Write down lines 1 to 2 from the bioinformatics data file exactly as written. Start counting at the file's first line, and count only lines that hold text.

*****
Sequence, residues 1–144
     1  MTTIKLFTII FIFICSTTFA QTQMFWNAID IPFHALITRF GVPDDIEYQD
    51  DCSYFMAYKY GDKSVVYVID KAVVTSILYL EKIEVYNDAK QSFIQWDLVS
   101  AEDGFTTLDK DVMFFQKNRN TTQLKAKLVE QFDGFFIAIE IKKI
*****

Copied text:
Sequence, residues 1–144
     1  MTTIKLFTII FIFICSTTFA QTQMFWNAID IPFHALITRF GVPDDIEYQD